Some metro areas across the U.S. are experiencing steep discounts on foreclosed properties – upwards of 27% in some cases – but the overall mark-down is not as deep as it seems, Zillow said in a new report.
The online real estate listing firm said the national-foreclosure discount on distressed properties is about 7.7%, a paltry amount considering how much lower REOs sell for in certain locales.
Truth is, there are fewer foreclosures out there. Last month, RealtyTrac the online marketplace for foreclosures, reported a yearly decrease in 131 out of the nation’s 212 metropolitan areas.
“Two-thirds of the nation’s largest metros posted decreases in foreclosure activity in the third quarter, indicating that most of the nation’s housing markets are past the worst of the foreclosure problem” said Daren Blomquist, vice president at RealtyTrac.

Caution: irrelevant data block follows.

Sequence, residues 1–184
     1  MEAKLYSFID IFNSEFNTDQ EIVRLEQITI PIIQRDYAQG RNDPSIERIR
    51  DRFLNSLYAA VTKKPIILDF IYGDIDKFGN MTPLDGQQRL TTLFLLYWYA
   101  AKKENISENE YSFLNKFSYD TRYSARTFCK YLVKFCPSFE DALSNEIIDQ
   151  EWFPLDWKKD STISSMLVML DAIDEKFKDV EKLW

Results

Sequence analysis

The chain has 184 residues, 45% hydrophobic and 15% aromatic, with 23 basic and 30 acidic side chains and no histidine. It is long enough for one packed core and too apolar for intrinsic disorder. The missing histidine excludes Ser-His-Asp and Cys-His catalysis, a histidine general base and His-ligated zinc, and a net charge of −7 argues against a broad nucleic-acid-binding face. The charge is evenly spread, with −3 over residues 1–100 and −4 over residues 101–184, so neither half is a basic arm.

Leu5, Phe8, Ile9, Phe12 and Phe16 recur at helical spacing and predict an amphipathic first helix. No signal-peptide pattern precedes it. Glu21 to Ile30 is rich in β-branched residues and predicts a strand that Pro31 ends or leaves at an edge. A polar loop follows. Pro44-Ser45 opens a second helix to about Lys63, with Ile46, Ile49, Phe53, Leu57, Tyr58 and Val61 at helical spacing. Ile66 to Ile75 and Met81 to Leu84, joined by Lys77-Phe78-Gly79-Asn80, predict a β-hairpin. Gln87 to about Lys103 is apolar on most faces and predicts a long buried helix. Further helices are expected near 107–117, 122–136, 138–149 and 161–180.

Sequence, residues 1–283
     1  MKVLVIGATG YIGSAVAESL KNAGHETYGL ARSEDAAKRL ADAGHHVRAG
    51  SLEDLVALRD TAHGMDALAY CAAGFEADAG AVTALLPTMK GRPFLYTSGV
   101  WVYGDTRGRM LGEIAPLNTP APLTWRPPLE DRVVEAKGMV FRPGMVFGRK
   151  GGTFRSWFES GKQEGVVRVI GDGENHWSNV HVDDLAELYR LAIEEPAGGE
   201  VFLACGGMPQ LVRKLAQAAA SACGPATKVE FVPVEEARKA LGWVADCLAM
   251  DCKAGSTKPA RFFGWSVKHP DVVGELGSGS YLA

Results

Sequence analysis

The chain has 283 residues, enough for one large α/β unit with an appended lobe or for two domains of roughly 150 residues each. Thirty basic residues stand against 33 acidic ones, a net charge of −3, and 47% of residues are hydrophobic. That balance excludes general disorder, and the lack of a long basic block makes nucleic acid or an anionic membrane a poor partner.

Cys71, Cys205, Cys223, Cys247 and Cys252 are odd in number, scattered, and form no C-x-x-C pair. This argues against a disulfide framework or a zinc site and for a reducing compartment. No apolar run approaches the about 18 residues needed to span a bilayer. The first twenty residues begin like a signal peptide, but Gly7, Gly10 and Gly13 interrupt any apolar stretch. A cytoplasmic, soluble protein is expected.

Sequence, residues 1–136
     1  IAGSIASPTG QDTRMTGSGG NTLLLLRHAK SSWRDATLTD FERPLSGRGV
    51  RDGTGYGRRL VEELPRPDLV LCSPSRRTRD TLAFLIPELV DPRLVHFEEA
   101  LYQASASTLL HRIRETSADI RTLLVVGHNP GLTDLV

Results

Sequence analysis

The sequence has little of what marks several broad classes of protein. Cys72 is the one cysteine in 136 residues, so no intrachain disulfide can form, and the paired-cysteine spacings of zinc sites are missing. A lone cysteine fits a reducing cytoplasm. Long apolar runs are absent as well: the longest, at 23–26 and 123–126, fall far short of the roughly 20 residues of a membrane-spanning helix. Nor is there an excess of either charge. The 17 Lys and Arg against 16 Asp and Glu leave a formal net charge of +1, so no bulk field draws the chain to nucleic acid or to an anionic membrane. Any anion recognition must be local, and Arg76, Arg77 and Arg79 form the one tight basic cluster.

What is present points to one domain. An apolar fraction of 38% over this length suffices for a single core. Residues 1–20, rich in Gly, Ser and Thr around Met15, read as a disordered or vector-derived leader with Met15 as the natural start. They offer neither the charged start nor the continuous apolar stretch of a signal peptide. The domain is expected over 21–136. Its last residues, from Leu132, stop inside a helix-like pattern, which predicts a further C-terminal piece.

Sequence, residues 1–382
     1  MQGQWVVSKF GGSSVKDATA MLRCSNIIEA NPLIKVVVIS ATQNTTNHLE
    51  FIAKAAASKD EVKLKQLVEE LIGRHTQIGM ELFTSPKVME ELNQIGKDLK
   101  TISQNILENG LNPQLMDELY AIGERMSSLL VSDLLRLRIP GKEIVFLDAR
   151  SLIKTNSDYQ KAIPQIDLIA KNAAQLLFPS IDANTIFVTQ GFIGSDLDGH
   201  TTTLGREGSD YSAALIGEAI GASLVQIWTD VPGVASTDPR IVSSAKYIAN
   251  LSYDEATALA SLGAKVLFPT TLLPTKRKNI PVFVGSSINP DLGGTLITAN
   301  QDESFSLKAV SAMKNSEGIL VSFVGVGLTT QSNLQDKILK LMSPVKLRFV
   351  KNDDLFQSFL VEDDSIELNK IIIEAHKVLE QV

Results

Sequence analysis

Zillow uses a different methodology, of course, and compares the sales price of a foreclosure to the estimated-non-distressed sale level of the exact same property.
Metros like Pittsburgh and Cleveland experience foreclosure discounts as steep as 27.4% and 25.8%, respectively.
"The smallest foreclosure discount is found in places where competition for homes is so high, people there are willing to pay the same amount for a foreclosure re-sale that they would for a non-distressed home simply to take advantage of historic affordability," said Zillow chief economist Stan Humphries. "Additionally, in areas such as Phoenix and Las Vegas, where not long ago one out of every two homes sold was a foreclosure re-sale, buying a foreclosure is no longer just for investors."
Sacramento is a market where the foreclosure discount is a small 0.7% difference from an average property price. In the high-priced Los Angeles and New York markets, foreclosure discounts are now running at 4.2% and 15.5%, respectively.
Denver is another market where housing demand is keeping up, and it's foreclosure discount hovers around 6.4%, which is under the 7% national average.